“Things look different going forward,” observes Kiziak. “We’ve realized that things can change—that they are cyclical—and we have the lessons we’ve learned over the past couple years to inform us that we need to be more mindful going forward so we can ensure sustainable business.”
It isn’t a lesson that will be forgotten any time soon. As Ron Feigel, technical sales and business development specialist at Universe Machine Corporation explains, “This recession was among the worst Universe Machine Corporation has faced in over 51 years of business.”
“Work slowed significantly,” Feigel continues, adding that the recession forced “cost cuts and other changes that included downsizing staff by about a third. Fortunately, we were able to avoid lowering wages or benefits for existing staff.
“The economic slowdown this time around was not just due to low oil prices. Increasing global competition as well as the change of our provincial and federal governments are also contributing factors. Too much change too quickly can be damaging.
“Downturns are difficult for businesses and staff, but they can bring some positives. It has been easier to find skilled employees; and staff tend to be more engaged, appreciative, and productive. Having to run leaner and trying to increase cash flow to survive has spurred innovation, consolidation, and collaboration. It’s led to exploring further diversification and automation, increasing capabilities, ramping up research and development, and improving our products and services.”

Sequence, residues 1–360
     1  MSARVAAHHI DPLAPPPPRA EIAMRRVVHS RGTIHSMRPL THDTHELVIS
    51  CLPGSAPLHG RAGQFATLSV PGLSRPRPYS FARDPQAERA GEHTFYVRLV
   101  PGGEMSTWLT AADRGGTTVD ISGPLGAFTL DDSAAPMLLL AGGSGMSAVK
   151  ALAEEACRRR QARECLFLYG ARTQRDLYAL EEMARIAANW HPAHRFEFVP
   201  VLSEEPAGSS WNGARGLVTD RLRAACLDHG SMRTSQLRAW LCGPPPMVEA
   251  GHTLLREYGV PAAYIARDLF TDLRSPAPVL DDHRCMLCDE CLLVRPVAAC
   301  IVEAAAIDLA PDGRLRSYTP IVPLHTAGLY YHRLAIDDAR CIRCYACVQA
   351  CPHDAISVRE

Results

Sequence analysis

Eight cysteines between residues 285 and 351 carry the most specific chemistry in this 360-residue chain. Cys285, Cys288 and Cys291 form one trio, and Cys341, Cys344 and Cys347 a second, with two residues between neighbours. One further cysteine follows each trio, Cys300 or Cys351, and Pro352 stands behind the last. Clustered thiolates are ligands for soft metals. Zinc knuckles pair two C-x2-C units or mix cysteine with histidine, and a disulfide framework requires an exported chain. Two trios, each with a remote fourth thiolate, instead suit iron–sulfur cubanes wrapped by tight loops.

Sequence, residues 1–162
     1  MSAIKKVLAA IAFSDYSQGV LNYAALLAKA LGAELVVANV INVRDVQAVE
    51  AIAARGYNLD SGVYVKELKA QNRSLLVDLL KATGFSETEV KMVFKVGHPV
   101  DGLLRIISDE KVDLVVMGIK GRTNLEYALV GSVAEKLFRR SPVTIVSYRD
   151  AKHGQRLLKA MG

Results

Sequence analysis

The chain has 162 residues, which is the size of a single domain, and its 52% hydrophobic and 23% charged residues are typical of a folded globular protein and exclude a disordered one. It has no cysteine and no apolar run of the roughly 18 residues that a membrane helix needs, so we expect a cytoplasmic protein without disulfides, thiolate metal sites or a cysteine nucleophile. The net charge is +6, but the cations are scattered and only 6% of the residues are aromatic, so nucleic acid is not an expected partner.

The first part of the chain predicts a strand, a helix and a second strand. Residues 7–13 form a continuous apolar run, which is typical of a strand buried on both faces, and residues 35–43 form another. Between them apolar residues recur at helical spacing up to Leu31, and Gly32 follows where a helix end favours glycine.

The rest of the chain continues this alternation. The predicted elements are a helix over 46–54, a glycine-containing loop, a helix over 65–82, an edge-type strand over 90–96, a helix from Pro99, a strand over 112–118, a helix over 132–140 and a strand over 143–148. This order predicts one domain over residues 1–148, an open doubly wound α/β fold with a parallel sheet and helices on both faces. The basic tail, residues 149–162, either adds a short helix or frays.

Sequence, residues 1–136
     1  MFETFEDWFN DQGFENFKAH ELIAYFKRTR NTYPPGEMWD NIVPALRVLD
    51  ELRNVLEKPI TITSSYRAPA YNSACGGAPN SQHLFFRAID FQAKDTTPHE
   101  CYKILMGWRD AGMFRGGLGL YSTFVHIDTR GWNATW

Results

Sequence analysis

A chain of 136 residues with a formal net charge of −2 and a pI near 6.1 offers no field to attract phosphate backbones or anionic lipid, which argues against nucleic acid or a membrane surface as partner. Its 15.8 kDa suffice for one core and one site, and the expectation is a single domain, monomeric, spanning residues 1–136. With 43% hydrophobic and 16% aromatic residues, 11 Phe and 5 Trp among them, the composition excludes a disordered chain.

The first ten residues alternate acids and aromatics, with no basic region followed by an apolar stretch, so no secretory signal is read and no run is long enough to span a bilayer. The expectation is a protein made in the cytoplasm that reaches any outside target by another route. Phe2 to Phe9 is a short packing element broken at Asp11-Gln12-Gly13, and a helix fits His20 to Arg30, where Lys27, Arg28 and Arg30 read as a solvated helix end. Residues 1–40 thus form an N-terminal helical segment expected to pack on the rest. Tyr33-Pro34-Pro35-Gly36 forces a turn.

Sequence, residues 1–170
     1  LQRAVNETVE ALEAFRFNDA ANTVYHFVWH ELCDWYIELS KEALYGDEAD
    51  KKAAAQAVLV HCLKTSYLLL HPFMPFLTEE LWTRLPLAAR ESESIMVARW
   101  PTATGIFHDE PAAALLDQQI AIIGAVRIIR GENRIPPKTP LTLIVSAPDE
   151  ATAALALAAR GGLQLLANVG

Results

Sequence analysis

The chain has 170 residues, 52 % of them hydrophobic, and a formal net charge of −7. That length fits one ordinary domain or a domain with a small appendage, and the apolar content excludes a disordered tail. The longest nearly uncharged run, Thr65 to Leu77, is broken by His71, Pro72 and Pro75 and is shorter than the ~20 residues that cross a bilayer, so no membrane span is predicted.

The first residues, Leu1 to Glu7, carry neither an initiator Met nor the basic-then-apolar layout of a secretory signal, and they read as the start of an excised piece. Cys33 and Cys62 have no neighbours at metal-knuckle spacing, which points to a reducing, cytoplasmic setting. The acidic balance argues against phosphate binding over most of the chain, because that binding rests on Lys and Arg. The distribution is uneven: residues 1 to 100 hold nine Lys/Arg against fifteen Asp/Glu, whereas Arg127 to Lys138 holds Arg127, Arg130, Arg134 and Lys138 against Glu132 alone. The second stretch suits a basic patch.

Now those business investments may be getting the chance to prove their benefit.
“Industry confidence is slowly returning and, thankfully, there is a more positive tone,” says a relieved Feigel. “Oil prices have nearly doubled from their low in 2015, so we are starting to see some improvement; however, we feel this will be a slow recovery. If I can describe it another way, it’s like we are now finally off life support and out of intensive care, yet not fully out of danger. We are still facing a long, difficult recovery.”
For the time being, skilled laborer shortages are low on Feigel’s list of worries, although he does note that, “It’s likely some skilled workers have moved on or retired. Eventually, we could be faced with skills shortages if there is a significant and prolonged increase in work.”
“Currently,” Feigel says, “we don’t see another boom happening any time soon. More companies are competing for fewer projects/work, and that squeezes margins, so we need to continue operating with reduced overhead costs and be creative doing more with less staff.
“Considering how deep and prolonged this downturn was, it could take many years for the industry to get back to where it was before this recession. Hopefully I’m wrong and it will be quicker!” he laughs, pointing out that there are specific things that can help. “Our government needs to nurture a business-friendly environment that supports all industries, one that does not make quick or drastic changes and one that keeps taxes low. This approach has been proven to create stability, instill confidence, and spur investment, and that creates more jobs and more positive economic growth over the long term.
“Industry diversification and being environmentally conscious are both important considerations for Alberta and Canada’s future economy and for the next generations; however, it needs to be implemented carefully to minimize economic difficulty and offer a realistic and profitable long-term outlook that doesn’t rely on government subsidies.”
He concludes, “Our natural resource wealth should be utilized on a parallel platform, creating long-term diversification and sustainability without slowing growth or causing economic hardship.”